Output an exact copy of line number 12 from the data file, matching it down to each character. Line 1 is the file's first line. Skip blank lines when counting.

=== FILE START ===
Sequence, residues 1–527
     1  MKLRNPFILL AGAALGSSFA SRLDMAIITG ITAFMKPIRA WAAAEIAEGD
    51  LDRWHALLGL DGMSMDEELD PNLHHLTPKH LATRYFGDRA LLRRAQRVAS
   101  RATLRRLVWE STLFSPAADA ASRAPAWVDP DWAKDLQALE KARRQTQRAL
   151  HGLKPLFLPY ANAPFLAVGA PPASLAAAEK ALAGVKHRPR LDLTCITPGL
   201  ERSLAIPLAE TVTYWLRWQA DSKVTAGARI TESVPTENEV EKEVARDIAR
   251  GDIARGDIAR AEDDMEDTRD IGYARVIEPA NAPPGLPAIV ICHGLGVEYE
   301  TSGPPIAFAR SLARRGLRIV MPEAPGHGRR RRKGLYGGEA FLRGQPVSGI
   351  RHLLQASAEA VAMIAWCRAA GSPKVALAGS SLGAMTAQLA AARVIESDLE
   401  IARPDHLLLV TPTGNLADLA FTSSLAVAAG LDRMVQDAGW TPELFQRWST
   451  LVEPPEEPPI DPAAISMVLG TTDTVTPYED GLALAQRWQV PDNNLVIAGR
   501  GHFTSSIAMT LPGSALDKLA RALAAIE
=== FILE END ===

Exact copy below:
   501  GHFTSSIAMT LPGSALDKLA RALAAIE